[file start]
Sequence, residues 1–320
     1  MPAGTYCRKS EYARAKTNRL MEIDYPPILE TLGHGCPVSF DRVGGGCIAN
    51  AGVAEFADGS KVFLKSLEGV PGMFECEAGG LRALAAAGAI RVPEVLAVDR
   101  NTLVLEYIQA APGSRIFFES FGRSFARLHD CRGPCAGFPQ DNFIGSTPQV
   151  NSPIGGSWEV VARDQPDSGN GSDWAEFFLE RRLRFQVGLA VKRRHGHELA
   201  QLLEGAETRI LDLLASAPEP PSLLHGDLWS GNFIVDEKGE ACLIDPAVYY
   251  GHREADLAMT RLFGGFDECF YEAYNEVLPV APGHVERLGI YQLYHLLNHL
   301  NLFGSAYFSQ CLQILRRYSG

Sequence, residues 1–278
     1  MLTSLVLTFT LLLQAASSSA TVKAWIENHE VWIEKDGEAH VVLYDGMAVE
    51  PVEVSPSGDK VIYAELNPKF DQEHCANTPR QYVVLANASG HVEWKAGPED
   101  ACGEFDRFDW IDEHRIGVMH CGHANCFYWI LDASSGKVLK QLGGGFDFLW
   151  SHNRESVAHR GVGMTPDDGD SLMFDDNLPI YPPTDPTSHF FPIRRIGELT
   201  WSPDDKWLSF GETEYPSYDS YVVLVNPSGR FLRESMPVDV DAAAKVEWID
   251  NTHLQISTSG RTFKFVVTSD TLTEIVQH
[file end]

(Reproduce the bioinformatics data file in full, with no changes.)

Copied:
Sequence, residues 1–320
     1  MPAGTYCRKS EYARAKTNRL MEIDYPPILE TLGHGCPVSF DRVGGGCIAN
    51  AGVAEFADGS KVFLKSLEGV PGMFECEAGG LRALAAAGAI RVPEVLAVDR
   101  NTLVLEYIQA APGSRIFFES FGRSFARLHD CRGPCAGFPQ DNFIGSTPQV
   151  NSPIGGSWEV VARDQPDSGN GSDWAEFFLE RRLRFQVGLA VKRRHGHELA
   201  QLLEGAETRI LDLLASAPEP PSLLHGDLWS GNFIVDEKGE ACLIDPAVYY
   251  GHREADLAMT RLFGGFDECF YEAYNEVLPV APGHVERLGI YQLYHLLNHL
   301  NLFGSAYFSQ CLQILRRYSG

Sequence, residues 1–278
     1  MLTSLVLTFT LLLQAASSSA TVKAWIENHE VWIEKDGEAH VVLYDGMAVE
    51  PVEVSPSGDK VIYAELNPKF DQEHCANTPR QYVVLANASG HVEWKAGPED
   101  ACGEFDRFDW IDEHRIGVMH CGHANCFYWI LDASSGKVLK QLGGGFDFLW
   151  SHNRESVAHR GVGMTPDDGD SLMFDDNLPI YPPTDPTSHF FPIRRIGELT
   201  WSPDDKWLSF GETEYPSYDS YVVLVNPSGR FLRESMPVDV DAAAKVEWID
   251  NTHLQISTSG RTFKFVVTSD TLTEIVQH